The 64th annual Grammy Awards took place on Sunday, Feb. 5, and the category was: Black excellence.
Lizzo’s “About Damn Time” took home Record of the Year, while Beyoncé took home three new Grammys to add to her extensive collection, and legendary musician Stevie Wonder graced the stage with one helluva performance.
Not to mention, our good sis Viola Davis achieved EGOT status after winning her first Grammy, making her the third Black woman in history to ever do so. Without Viola, none of us would know How to Get Away With Murder, and for that, we are eternally grateful.
But besides Viola, who are the other Black EGOT winners? Read on to find out!
Whoopi Goldberg first emerged on the scene in the early 80s, starring in films like The Color Purple, Star Trek: The Next Generation, and Jumping Jack Flash.
Early in her career, she was awarded a Golden Globe for her roles in The Color Purple and Ghost. She was the first Black woman to be nominated for Best Actress and Best Supporting Actress at the Oscars, and her days of making history didn’t end there.
In 1985, Whoopi became the first Black woman to be nominated for (and ultimately win) the award for Best Comedy Recording at the Grammys.
Whoopi earned her first Daytime Emmy in 2002 for Beyond Tara: The Extraordinary Life of Hattie McDaniel. But it wasn’t until June of that year when her collaborative musical production — Thoroughly Modern Millie — won a Tony that Whoopi became an EGOT winner.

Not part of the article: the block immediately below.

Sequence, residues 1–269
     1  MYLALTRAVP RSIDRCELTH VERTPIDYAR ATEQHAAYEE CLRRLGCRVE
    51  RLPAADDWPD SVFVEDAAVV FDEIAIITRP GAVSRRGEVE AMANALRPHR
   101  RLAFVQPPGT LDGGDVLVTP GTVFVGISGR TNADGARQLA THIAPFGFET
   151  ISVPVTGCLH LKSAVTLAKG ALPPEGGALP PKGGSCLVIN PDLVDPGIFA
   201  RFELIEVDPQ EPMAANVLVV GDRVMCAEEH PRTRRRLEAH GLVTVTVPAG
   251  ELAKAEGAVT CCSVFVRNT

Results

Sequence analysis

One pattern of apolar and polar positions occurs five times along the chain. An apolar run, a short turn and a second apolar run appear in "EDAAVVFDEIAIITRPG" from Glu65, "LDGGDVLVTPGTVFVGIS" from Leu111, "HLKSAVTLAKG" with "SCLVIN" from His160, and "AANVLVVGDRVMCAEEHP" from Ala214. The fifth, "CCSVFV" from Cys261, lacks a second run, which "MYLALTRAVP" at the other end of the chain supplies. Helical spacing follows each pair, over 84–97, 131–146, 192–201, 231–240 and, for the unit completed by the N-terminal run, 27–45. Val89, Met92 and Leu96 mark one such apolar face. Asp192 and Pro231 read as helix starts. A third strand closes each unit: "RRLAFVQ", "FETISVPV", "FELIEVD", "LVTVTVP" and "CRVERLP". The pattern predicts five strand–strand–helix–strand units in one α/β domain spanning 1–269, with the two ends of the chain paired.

After he graduated from the University of Pennsylvania, he pursued a career in consulting, but it wasn’t long before he gave up on his day job and honed in on his music career. Before long, he linked up with Kanye West and the rest was history.
John started on his path to EGOT status in 2006 when he won Best New Artist and Best R&B Album at the Grammys. In 2014, John and Chicago rapper Common secured an Oscar for their song “Glory”, and a few years later, he secured a Primetime Emmy for Jesus Christ Superstar Live in Concert.
In addition, John collaborated with Oprah Winfrey to produce the animation short Crow: The Legend, which ultimately took home the Emmy for Outstanding Interactive Media for a Daytime Program.
In 2017, John reached EGOT status after he co-produced a rendition of August Wilson’s, Jitney, and won a Tony for Best Revival of a Play.
Last but certainly not least, there’s Jennifer Hudson. As the second woman to become an EGOT winner and the third Black entertainer overall, the talk show host is one of the more recent celebrities to achieve the honor. But she’s not new to the industry.
She won the Oscar for Best Supporting Actress for her role in Dreamgirls in 2007. Only two years later, her self-titled debut album won a Grammy for Best R&B Album. She took home a Daytime Emmy in 2021, however, it wasn’t until the following year that she won a Tony for the musical Strange Loop and officially became one of the GOATS.